You have made comments about a longer period.  Obviously you are considering this evening that decision.  You have not made that decision yet, so I don’t know how you can say that.  May I just say to you that obviously Woodley is another town to Wokingham Town and obviously it, like Wokingham, is looking forward to regeneration.  I wonder whether you have had any discussions with the Leader of Woodley Town Council with regards to the implication of the parking arrangements while regeneration in Woodley takes place?

 

Supplementary Answer

The system that we have in Wokingham Town is also Borough-wide apart from the car parks in Woodley.  The purpose of doing this pilot system is in order to get comparisons of income and parking patterns and so  ...  view the full minutes text for item 110.5

111.

Member Question Time

To answer any member questions

 

A period of 20 minutes will be allowed for Members to ask questions submitted under Notice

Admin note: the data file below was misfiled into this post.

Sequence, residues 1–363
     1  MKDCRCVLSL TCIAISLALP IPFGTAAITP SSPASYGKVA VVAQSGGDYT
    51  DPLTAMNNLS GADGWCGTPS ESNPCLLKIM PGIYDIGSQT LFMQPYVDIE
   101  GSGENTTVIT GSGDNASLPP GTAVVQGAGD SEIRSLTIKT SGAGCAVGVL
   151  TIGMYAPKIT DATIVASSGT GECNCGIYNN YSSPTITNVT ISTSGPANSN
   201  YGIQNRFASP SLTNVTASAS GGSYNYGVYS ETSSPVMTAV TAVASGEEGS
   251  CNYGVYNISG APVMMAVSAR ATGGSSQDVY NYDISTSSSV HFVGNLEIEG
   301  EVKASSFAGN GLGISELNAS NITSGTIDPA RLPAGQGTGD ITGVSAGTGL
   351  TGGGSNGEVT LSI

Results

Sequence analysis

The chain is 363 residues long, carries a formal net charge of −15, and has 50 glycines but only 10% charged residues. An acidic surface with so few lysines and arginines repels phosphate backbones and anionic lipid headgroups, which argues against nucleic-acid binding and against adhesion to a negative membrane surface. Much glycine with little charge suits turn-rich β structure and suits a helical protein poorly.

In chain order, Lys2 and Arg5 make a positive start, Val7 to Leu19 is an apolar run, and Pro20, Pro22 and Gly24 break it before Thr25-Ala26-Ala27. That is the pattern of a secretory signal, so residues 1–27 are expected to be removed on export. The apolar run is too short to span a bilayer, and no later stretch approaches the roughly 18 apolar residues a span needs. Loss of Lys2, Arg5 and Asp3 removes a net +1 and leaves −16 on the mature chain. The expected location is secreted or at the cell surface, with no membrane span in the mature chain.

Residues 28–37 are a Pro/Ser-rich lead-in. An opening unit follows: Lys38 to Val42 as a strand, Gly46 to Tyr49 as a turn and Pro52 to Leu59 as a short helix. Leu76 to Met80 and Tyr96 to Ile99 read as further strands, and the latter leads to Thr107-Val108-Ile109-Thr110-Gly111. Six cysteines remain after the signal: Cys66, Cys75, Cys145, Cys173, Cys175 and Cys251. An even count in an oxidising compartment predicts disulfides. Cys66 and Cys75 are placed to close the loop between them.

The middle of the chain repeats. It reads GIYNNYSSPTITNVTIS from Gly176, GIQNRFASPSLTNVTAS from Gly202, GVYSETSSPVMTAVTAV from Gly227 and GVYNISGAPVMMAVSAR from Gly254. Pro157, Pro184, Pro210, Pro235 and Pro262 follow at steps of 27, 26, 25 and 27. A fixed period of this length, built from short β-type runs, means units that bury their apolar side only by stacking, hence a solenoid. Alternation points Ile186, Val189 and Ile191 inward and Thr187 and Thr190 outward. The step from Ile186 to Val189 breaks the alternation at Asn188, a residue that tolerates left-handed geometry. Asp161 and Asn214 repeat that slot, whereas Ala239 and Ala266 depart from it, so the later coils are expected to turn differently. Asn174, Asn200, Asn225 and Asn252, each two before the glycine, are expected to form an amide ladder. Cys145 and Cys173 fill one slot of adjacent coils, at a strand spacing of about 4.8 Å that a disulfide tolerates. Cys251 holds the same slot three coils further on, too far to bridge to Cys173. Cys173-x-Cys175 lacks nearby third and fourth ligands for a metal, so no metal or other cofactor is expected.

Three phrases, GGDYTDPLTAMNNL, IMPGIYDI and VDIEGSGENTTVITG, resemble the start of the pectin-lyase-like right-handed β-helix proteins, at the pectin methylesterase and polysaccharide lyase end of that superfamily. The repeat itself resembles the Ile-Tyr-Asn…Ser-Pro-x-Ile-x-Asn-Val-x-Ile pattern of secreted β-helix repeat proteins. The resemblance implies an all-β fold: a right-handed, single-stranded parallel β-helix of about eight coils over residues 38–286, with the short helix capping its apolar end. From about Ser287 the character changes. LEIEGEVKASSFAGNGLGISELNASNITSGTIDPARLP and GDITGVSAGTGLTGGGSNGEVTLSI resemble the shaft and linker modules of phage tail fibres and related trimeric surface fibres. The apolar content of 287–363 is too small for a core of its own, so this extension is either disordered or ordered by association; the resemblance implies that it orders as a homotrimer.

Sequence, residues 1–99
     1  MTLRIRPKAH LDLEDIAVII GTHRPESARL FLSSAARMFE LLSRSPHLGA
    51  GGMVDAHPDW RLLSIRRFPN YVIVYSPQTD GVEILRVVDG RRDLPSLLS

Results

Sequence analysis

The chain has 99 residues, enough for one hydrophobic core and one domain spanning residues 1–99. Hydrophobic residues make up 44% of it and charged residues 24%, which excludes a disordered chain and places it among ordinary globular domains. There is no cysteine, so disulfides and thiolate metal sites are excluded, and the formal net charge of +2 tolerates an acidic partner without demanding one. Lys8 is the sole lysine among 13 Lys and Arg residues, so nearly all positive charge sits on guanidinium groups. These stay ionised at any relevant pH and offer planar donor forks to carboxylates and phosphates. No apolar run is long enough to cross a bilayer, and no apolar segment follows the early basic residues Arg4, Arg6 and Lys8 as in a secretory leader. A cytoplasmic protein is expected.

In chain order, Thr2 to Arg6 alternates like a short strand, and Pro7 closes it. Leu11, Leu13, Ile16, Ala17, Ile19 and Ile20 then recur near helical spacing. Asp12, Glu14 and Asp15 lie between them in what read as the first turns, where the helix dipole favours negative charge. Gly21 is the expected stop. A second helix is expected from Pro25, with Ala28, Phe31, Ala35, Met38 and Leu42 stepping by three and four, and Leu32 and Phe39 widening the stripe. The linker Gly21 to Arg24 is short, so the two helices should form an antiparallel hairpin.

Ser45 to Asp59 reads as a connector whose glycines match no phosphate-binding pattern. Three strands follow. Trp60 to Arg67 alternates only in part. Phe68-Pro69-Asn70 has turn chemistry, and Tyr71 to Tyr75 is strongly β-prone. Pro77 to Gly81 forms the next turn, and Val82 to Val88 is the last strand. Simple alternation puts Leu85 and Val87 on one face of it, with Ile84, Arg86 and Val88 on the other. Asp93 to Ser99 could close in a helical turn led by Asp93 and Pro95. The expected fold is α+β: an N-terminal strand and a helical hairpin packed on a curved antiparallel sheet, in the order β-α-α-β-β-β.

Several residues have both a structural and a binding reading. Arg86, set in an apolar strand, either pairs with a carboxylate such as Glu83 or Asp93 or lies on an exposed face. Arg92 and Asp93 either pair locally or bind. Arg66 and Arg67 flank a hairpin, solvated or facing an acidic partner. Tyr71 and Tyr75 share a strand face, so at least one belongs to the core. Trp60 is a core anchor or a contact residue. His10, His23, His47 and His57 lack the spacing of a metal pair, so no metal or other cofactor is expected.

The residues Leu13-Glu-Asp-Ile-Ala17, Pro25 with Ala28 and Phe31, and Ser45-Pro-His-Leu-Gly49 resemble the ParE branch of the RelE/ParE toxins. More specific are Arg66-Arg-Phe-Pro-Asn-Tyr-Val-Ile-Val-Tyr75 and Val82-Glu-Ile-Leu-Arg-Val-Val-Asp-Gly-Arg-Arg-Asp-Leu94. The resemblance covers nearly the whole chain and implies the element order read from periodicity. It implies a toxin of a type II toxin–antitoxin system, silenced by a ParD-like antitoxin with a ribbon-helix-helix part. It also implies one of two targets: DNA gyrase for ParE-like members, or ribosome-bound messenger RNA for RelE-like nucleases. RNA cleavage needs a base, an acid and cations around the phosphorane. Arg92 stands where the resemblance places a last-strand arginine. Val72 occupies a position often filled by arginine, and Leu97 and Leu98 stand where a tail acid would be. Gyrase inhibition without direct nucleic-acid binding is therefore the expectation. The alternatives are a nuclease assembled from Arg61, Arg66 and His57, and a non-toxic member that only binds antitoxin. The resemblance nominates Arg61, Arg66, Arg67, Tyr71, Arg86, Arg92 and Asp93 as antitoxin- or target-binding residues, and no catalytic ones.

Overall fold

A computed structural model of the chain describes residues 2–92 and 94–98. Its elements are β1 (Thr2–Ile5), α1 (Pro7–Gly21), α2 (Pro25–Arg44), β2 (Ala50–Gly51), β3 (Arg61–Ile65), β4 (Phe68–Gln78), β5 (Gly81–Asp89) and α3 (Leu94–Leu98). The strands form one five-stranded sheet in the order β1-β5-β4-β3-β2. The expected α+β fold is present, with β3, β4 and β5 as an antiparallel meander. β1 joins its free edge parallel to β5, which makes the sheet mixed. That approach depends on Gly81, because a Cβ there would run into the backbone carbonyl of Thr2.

Any questions not dealt with within the allotted time will be dealt with in a written reply

 

Minutes:

In accordance with the agreed procedure the Chairman invited Members to submit questions to the appropriate Members

111.1

Charles Margetts asked the Executive Member for Economic Development and Finance the following question:

 

Question

Some parts of Finchampstead have internet speeds only marginally faster than dial up. This lack of internet speed is a major constraint on the ability to work / shop from home and should not be accepted or tolerated. Can the Executive Member tell me what is being done to address the remaining internet blackspots in Finchampstead and across the Borough?